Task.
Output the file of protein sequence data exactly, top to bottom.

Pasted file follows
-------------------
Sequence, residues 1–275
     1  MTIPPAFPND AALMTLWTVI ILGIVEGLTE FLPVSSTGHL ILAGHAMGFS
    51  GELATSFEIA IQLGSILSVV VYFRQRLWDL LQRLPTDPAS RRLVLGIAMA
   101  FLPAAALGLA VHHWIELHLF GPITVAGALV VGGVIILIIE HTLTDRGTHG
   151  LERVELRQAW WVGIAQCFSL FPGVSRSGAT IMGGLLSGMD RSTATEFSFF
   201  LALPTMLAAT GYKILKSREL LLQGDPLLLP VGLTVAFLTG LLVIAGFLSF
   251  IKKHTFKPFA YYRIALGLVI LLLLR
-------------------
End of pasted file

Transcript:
Sequence, residues 1–275
     1  MTIPPAFPND AALMTLWTVI ILGIVEGLTE FLPVSSTGHL ILAGHAMGFS
    51  GELATSFEIA IQLGSILSVV VYFRQRLWDL LQRLPTDPAS RRLVLGIAMA
   101  FLPAAALGLA VHHWIELHLF GPITVAGALV VGGVIILIIE HTLTDRGTHG
   151  LERVELRQAW WVGIAQCFSL FPGVSRSGAT IMGGLLSGMD RSTATEFSFF
   201  LALPTMLAAT GYKILKSREL LLQGDPLLLP VGLTVAFLTG LLVIAGFLSF
   251  IKKHTFKPFA YYRIALGLVI LLLLR